Nonetheless, a growing number of companies have made efforts to see that their excess doesn't go to waste. Among the foods the Food Bank gathered and distributed last year were 60,000 pounds of dairy products from H.P. Hood, 40,000 pounds of chowder and seafood from Legal Seafoods, 50,000 pounds of fish from Fishery Products of Boston, thousands of pounds of seafood from American SeaFresh of Boston, hundreds of pounds of groceries from S.S. Pierce of Boston, 20,000 pounds of beef from Colora do Beef Company of Beverly, a half-million pounds of juices from Ocean Spray Cranberries of Plymouth, one million pounds of damagedgroceries from Star Markets and Shaw Markets, 250,000 pounds of Hostess cupcakes and Wonder Bread from I.T.T. Continental B akers of Natick.
Most of the time, Food Bank's Roxbury warehouse receives deliveries that delight those who run it -- like the 20,000 pounds of fish that came in one day last year. But some donations don't meet the needs of those they're intended to help. "The other day we took a large amount of No. 10 cans of hot chili peppers. A truckload of them. It'll take us a long time to distribute those," says executive director Westy Egmont.
Unloading inappropriate donations is only one problem in the system. Another is the notion that food on the brink of rotting is all right for people who might go hungry otherwise.
Egmont, however, is adamant on this point: "We're not a dump," he says.
Others agree. Holly Safford of The Catered Affair, whose firm has donated to shelters "more legs of lamb and beef tenderloins than I care to count," says the only food she donates is "food I would offer a neighbor."
"Quite frankly," says Friar Michael, who organizes hundreds of weekend meals at the Church of all Nations in the South End, "there are people out there who intentionally or unintentionally aren't giving the best they have. If I wouldn't eat it I wouldn't serve it." Weekdays on Tremont Street, Friar Michael hands out about five dozen sandwiches donated by caterers.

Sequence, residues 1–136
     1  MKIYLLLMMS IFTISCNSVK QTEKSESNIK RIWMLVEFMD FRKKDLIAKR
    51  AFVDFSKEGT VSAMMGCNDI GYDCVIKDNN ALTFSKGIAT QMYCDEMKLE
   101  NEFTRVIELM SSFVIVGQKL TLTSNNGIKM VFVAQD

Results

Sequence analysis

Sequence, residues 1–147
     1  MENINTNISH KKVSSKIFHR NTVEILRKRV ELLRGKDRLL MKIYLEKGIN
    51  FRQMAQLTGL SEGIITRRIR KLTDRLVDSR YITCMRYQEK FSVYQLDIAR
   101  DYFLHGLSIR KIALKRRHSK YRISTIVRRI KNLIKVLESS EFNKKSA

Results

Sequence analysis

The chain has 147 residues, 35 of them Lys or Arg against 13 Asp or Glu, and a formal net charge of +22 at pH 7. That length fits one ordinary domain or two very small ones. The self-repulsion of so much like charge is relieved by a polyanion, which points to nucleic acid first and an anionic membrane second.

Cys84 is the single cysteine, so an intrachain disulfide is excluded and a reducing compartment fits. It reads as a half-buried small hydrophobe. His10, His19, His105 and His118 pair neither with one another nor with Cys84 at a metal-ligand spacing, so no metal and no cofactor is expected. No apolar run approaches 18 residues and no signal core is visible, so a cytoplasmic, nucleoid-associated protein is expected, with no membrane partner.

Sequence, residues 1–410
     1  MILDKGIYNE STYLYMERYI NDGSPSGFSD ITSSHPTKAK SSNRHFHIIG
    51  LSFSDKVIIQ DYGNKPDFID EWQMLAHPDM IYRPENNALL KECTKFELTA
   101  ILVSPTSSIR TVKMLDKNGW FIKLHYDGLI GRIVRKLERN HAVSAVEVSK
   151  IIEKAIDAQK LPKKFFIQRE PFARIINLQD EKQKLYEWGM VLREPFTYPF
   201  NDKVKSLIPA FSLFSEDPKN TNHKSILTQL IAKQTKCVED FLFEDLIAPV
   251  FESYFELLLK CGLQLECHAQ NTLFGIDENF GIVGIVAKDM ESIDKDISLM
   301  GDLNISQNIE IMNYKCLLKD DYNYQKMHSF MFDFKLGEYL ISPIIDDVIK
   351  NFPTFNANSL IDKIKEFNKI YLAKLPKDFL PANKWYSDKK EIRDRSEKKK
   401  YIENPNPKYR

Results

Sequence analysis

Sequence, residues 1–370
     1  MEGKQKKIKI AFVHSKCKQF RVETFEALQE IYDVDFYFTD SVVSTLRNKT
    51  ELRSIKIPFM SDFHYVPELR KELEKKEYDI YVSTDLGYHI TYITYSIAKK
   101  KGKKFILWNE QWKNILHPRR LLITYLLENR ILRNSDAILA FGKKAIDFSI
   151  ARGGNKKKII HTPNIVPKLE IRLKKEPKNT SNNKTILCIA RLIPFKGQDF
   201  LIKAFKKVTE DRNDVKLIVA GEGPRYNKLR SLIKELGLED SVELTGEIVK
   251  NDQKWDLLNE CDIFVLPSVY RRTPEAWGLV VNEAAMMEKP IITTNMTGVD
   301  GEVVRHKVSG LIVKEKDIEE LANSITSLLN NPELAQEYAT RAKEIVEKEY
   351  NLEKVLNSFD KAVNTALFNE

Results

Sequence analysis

The way Boston agencies feed the hungry is typical of other large cities such as Los Angeles, New York, and Chicago, though advocates here say there is more coordination here.
Project Bread raises money to help finance the 89 food pantries and 26 soup kitchens in the Boston area while Project Bread Hunger Hot Line refers hungry people to those places. The Boston Food Bank collects food donations -- canned goods and any food except fresh produce -- from industry and chain stores. Fair Foods collects fresh fruits and vegetables from wholesale distributors. And two vans, one from Food for Free and the other from Student Food Rescue, scour markets and neighborhood grocery stores in Arlington, Cambridge, Somerville, Brookline, Brighton and Allston for day-old bread, unsalable groceries and odd-sized produce.
Anyone who donates food in good faith is covered by the 1984 Good Samaritan Law, which offers protection against law suits brought by anyone who becomes ill after eating the donated food. There are also some tax benefits to donating surpluses.
Other initiatives are under way to solve long-standing problems. Beginning March 1, Food Bank will offer a pick-up service called "Second Helping," sponsored by Boston College Alumni Association. The new service should help the bank pick up more spur-of-the moment donations, particularly from parties and restaurants, which it had to pass up in the past because of transportation problems.